THE former Prime Minister of Denmark, Helle Thorning-Schmidt, has outlined how the UK could become a global leader in new international standards following the coronavirus pandemic.
Speaking on BBC Question Time, Thorning-Schmidt said that the UK government needs to have “a deep conversation about: what is the new normal? How are we going to live together the next year, for example?” She said that the world needs to adopt new international standards regarding travelling, for example on trains and aeroplanes.
And she noted: “I would hope that the UK could also be a leader in this globally.”
Thorning-Schmidt added that the international change in transport standards “is almost like after 9/11, where everything changed in terms of how we were travelling across the world”.
She continued: “I think we need to understand this new normal, and thats why Im hoping … we can get into a situation where we all can recognise this is a new situation”.
The former prime minister added that governments should acknowledge mistakes that have been made in their pandemic responses.
She said: “Mistakes have been made; I will take responsibility as Prime Minister that we did not prepare properly for a pandemic like this.
“We had SARS, we had the swine flu, we had all these things, but we still didnt prepare properly, and I dont think the British government did either.
“We have to be in a mode where we breathe and say now is the new normal, we all have to be part of doing that and talking about how we want to do that”.
She also said that everyone must “get out of this automatic reaction where we say we didnt do anything wrong, and surely we cant find a fault with anything.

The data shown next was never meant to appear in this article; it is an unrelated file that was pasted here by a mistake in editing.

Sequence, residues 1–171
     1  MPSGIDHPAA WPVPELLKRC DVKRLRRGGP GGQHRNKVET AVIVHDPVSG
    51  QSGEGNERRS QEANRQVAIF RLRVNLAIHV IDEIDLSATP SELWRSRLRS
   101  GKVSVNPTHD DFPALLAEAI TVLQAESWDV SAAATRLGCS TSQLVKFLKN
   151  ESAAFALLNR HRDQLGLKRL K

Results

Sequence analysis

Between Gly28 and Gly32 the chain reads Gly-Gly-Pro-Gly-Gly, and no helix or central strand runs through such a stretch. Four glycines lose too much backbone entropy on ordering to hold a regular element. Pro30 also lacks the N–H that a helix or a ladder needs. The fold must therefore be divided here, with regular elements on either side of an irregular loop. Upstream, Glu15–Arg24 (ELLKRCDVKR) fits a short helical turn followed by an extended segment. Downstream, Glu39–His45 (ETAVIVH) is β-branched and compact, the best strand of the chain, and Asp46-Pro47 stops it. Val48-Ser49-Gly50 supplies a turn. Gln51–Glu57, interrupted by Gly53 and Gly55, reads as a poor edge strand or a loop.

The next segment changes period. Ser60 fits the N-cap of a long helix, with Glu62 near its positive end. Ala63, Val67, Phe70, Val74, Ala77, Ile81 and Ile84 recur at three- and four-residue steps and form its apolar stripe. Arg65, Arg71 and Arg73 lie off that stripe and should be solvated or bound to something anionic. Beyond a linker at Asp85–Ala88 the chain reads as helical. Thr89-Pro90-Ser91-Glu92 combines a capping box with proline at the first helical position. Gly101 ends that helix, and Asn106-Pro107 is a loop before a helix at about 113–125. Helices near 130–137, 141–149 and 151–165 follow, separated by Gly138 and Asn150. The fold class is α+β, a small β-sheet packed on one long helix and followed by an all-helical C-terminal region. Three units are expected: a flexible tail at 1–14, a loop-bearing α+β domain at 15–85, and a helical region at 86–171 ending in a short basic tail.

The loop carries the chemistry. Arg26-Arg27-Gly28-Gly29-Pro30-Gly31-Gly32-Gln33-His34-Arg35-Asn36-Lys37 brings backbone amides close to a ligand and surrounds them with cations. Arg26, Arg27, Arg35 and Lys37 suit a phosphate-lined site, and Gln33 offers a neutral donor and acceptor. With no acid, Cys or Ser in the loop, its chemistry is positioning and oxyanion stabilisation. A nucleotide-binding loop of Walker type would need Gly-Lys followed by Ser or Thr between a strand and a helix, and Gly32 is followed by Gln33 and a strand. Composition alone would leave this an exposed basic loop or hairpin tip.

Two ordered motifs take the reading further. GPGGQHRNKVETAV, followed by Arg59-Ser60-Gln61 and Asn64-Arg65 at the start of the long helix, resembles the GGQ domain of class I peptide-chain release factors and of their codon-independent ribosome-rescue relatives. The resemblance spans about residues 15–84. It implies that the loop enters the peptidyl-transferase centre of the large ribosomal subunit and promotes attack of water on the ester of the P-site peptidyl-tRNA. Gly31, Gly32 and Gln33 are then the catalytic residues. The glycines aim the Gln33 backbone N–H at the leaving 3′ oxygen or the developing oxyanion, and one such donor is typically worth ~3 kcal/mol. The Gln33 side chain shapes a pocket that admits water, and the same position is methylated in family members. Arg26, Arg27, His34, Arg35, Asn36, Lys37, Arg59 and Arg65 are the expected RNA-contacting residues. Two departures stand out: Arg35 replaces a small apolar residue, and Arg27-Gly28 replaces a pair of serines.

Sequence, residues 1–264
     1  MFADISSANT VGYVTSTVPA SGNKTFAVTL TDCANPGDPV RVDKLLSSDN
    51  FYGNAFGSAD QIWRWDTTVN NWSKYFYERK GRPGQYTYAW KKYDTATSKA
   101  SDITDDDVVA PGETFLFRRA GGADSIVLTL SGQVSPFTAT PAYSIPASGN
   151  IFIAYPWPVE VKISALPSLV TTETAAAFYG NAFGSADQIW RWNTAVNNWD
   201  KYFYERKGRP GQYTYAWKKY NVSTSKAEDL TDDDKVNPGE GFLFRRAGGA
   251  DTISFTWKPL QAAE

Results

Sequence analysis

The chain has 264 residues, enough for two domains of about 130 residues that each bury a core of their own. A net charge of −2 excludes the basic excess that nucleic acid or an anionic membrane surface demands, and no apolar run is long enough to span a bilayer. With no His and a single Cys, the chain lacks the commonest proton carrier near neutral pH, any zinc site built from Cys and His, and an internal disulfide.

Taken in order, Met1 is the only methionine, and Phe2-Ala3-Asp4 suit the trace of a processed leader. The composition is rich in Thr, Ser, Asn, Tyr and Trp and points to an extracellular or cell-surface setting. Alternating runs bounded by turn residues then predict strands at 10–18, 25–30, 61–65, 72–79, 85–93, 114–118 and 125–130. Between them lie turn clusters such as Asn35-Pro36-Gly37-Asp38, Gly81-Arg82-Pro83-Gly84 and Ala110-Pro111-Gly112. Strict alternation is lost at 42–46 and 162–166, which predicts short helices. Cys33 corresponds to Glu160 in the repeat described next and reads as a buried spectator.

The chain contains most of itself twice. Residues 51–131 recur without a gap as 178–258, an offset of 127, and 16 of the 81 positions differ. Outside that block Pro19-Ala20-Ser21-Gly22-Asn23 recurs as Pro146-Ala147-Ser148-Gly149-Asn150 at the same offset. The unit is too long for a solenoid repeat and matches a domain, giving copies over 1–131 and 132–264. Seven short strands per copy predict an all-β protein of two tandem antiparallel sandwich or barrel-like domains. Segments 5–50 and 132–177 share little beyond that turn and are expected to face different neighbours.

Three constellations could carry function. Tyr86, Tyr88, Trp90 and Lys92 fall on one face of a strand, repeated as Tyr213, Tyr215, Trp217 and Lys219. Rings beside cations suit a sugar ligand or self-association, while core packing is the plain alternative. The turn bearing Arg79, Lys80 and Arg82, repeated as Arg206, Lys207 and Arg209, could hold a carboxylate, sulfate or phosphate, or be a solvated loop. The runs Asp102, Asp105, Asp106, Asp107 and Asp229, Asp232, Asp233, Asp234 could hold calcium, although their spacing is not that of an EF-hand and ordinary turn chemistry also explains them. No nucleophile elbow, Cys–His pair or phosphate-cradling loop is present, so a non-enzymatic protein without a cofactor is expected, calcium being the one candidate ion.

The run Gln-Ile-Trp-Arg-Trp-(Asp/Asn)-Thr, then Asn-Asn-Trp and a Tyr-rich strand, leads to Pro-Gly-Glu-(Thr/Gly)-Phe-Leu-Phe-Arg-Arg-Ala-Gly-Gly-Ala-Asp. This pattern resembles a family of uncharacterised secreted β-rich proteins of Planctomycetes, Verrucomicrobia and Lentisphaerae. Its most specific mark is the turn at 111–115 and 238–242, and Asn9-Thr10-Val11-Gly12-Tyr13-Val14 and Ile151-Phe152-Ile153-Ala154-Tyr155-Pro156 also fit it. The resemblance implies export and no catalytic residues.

“After all this, we also have to evaluate and create new standards together.”
Helle Thorning-Schmidt was prime minister of Denmark from 2011 to 2015, the Syndey Morning Herald reports, and was the first woman to lead the country with her Social Democrats party.
She was also the CEO of the charity Save the Children International until she stepped down from the role in January 2019.
It remains to be seen what new international standards will be implemented in the fallout of the Covid-19 pandemic, or how the UK plans to contribute.
But within the UK domestically, Londons walking and cycling commissioner Will Norman hinted earlier this month that public transport in the UK capital would shift towards not using it at all.
Norman said: “The only way London is going to operate in terms of our capacity on our roads and capacity on our public transport is to move wherever possible to cycling and walking,” the Guardian reports.
It comes as Sadiq Khan, Londons mayor, announced last week that several main streets in London would be closed off to most vehicles, and remain open only for buses, pedestrians and bicycles.
The move comes as officials seek to find ways of getting people back to work whilst ensuring that social distancing can be observed as much as possible on public transport.
Khan has said that doing this will take a “monumental effort” from Londoners.
And nationally, Transport Secretary Grant Shapps announced a £2 billion package to “put cycling and walking at the heart of our transport policy” on May 9.
Meanwhile, Mr Shapps also suggested that the UK could consider allowing international travel between it and some countries depending on their rate of infection – or their R-number.
It comes after the government said that travellers from France would be subject to quarantine upon arrival in the UK in an apparent U-turn on previous announcements.